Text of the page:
Online retail boost

Online retail boost

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Retail supply chains are under greater pressure than ever before due to the ongoing impacts of COVID-19. As both retailers and consumers grapple with these issues, new research has highlighted that Australian retail delivery methods are the main reason for delays and of course, customer dissatisfaction. 

Where are the pressure points?

In today’s world, consumers expect their products at lightning speed. To keep up with consumer demand, retailers are trying to get the goods out to customers as quickly as possible. 

But unfortunately, in doing so, retailers haven’t made the investments in their technology and supply chains to master this process efficiently and effectively. 

Raghav Sibal, Managing Director of Australia and New Zealand at Manhattan Associates joined ticker and told viewers that a major source of customer dissatisfaction and delays in receiving goods is due to multiple shipments for single orders. 

“So if a customer ordered five items in one single shop, it may be coming in two or three different packages to them,” he says.

In fact, new research by Manhattan Associates found 76% of Australian shoppers indicate that they have experienced unusual delays in receiving goods they ordered online in the last three months. Raghav says this is causing friction with the customer, many of whom would prefer options to receive their goods in one delivery.

Is split shipments really a problem if it means getting your goods faster?

Well, considering retailers are under the pump trying to meet customer demands, it is understandable that brands want to get their goods to customers as fast as possible.

Stepping into the consumers shoes – receiving multiple parcels under one online order is actually considered more annoying. Raghav says this method is causing immense frustration.

“Surprisingly, over 66% of customers in Australia have received multiple shipments for a single order. They feel like maybe the order that they placed didn’t go through correctly to the retailer. So they frantically start calling the retailer,” he says.

Customers may be waiting weeks between parcels that are under one order. Raghav says this impacts the hip pocket for retailers, who have to fork out the cash for extra resources across their operations.

“It’s not just about customer dissatisfaction or the impact that it’s having on the retailer’s brand, but also real financial impact. There’s more handling going on in the warehouses, more shipping costs, more packaging, and there’s a whole bunch of waste when retailers are already under pressure,” he says.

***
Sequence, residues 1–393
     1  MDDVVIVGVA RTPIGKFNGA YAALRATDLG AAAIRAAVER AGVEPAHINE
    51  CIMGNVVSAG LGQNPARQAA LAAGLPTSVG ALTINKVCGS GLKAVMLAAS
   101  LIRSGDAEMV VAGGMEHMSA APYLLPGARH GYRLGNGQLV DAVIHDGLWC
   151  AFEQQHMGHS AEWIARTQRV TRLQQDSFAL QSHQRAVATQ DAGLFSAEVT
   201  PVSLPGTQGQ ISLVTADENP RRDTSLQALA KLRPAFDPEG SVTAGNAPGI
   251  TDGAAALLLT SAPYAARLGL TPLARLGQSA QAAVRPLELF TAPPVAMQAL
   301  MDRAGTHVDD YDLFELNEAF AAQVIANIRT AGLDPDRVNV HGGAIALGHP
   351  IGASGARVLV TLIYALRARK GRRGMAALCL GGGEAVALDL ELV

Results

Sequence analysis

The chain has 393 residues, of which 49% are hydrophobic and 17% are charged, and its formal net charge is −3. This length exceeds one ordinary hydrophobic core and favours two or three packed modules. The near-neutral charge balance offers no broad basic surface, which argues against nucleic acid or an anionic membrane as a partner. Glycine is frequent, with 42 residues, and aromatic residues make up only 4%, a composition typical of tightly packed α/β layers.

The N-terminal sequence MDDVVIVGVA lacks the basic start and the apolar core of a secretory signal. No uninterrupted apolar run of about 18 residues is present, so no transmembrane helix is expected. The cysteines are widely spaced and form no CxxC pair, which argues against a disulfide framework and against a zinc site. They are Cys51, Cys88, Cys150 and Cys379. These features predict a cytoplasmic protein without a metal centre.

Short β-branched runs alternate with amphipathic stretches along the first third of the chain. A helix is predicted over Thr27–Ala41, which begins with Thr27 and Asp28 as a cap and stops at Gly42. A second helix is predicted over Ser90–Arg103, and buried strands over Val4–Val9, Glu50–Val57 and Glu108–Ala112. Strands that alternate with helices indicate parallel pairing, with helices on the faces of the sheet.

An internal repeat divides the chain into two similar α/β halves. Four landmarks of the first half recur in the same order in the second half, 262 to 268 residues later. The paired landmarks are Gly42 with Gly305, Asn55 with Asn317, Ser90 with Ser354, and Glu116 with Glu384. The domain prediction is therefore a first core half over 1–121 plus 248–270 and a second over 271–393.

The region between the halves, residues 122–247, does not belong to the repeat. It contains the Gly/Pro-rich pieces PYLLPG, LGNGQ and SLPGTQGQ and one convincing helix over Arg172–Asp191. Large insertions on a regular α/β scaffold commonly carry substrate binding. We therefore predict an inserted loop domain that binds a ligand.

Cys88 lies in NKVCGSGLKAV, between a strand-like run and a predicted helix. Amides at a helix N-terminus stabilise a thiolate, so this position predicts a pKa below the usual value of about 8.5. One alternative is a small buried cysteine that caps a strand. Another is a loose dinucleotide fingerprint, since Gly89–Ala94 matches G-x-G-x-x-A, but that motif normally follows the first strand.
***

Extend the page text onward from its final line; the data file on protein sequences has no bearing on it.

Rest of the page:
“From a financial standpoint, this all adds up and it’s having a significant impact.”

Image: File

So how does the process of multiple shipments affect retailers?

According to Manhattan’s research, over 70% of customers say that if they can’t find a retailer who’s reliable in the delivery methods, or in communicating about a shipment arrival time, they’re not going to be very keen to continue to do business with them. 

“This is greatly impacting brand loyalty and also keeping customers really engaged with that retail,” Raghav told tickerNEWS.

“Are retailers making the right investments in the technology that they’re using or not?”

In a disrupted operating environment, retailers must improve their communication with customers.

Sibal draws on an interesting finding from Manhattan’s survey that suggests only about 50% of customers are getting notified about the delay of a shipment or the fact that it’s come in multiple packages. 

Raghav says “that’s not good enough”. Adding, “we’re finding that about 65% or higher, feel like they would rather wait for the goods to arrive as long as they come together.”

What’s the solution to better manage these issues?

Raghav says it all comes down to how the overall ecommerce fulfilment is working for a retailer.

He says the first thing the retailer should do is look at how they are contemplating or considering the stock levels across the network.

“We talk about the network of an omni channel retailer, it could be the DCs, it could be their stores, it could be ports that are still in transit on transport,” Sibal says.

He adds that once retailers have the visibility and understanding of where the stock is, retailers need to be routing the orders and allocating goods in product from the appropriate fulfilment point – whether it’s a DC or a store.

Raghav emphasises that operational visibility and forward planning remain fundamental to ensuring a retail brand has stock available for purchase. 

“It’s okay to fulfil an order from one location, which may take a bit longer to fulfil, but you’re sending the package to the customer all at once and in one package,

“So it comes down to visibility across the network, making sure the orders are being sent to the right location for fulfilment. And that all comes through the right investment in an order management system.”

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